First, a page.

Ok, to be clear, there were many tourist buses parked in the lot when we arrived to board a boat on Tonle Sap Lake. I was told that children would be jumping on board the boats with snakes - that they would then hoist upon my shoulders with hope of receiving some monetary compensation for their efforts.
Along the way one woman (really merely a girl) catapulted herself onto the boat in hopes of making a soda sale. Unfortunately for her we had all managed to grab our essentials in time to prepare for the tour.
(more later…too tired :-(/ )
Today was a great day. Debbie and I always seem to get it together just in time to actually teach our workshop! We spend so much time thinking about the best practices and pedagogy to bring to the workshop we sometimes forget to just keep it simple! We had a lot of fun today. Teaching should be fun and at times, I know I get so caught up in the minutia of trying to stick to the curriculum and get the “content” to my class, I forget that none of it is important if they’re not ready to receive it.
We don’t have all of the answers. Honestly, I don’t know if we have any of the answers, but I know that we care. So, today we talked about Maslow’s hierarchy and meeting the basic needs of students, and we talked about Prime Time Learning (explaining that after about 15 minutes they would lose their audience)…they actually got that after I droned on a bit longer than that! But, the most fun came when we played “Teacher Says” (Simon Says) and we played The Game of Pig and our students made their own game charts. There was a lot of laughing and a lot of joy in our workshop today. That’s all I want. I don’t want to over think it…I really want to keep it simple and I want our teachers to feel like they can meet any challenge. The challenges are never ending here in Cambodia, but these teachers care and truly want to make a difference…I think they will.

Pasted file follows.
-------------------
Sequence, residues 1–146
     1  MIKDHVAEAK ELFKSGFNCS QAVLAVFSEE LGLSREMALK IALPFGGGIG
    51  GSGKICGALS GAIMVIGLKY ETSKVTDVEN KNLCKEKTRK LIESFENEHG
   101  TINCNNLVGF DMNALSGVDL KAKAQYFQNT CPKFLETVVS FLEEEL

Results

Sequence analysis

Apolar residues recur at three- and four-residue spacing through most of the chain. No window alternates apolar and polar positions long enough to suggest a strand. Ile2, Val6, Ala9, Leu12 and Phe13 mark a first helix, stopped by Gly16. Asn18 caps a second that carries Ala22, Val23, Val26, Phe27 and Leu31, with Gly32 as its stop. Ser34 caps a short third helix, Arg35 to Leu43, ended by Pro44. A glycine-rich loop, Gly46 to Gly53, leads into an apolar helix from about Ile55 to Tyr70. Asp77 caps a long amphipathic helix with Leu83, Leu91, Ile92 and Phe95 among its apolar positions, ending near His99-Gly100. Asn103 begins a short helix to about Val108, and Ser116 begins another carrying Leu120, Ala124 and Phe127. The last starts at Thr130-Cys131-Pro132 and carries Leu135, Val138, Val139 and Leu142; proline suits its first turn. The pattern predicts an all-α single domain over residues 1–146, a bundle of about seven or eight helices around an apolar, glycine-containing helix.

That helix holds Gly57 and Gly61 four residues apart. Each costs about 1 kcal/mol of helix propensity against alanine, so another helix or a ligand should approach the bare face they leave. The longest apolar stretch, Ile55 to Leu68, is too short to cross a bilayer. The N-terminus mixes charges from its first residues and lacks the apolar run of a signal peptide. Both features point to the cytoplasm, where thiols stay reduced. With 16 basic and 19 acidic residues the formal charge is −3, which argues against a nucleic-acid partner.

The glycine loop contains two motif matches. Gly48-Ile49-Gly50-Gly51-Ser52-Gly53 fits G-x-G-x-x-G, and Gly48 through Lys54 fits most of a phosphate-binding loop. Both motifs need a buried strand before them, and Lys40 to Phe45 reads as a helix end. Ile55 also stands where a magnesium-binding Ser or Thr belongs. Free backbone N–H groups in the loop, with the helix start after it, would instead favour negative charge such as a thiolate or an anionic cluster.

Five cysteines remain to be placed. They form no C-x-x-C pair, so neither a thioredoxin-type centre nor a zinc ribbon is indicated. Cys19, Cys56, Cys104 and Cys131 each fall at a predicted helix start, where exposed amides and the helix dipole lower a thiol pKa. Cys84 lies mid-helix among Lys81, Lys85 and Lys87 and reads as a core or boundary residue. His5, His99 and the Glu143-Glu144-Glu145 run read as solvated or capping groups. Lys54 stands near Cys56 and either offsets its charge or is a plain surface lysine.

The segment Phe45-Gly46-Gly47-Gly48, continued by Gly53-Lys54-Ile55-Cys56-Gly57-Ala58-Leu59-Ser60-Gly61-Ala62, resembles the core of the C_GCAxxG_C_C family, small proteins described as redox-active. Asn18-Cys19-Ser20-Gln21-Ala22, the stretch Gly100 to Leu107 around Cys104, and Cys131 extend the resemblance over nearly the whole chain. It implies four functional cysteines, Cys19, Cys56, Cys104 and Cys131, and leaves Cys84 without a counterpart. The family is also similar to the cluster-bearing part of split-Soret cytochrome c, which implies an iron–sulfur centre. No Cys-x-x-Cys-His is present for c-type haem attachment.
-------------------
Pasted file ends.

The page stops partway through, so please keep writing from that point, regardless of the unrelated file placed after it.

It was a beautiful morning in Siem Reap. We went walking early this morning along the river. On every corner that we turned there seemed to be an amazing temple. Unsure of the protocol, Debbie and I looked in at a couple, but didn’t explore further. They are all exquisite and spectacular. We decided to ask later about going inside…
A couple of the teachers in the program decided to take a bike ride out to the temples. What a fabulous idea, we both thought…and then, no…we’re feeling much too hot and lazy! We decided on a kick back morning and lunch at a pretty swanky pool (not the true Siem Reap experience), but we reasoned that over the next 9 days of teaching we would be a complete sweat puddle. We headed over to Le Meridian with one of our favorite tuk tuk drivers Vutha…so friendly (I’ll post a pic later). Although we lounged and chilled for a glorious 3 hours, we also worked on our outline and lesson plans for the workshop…a win win. ”Same same” as the bike ride. (Same same is something the Cambodian people say a lot.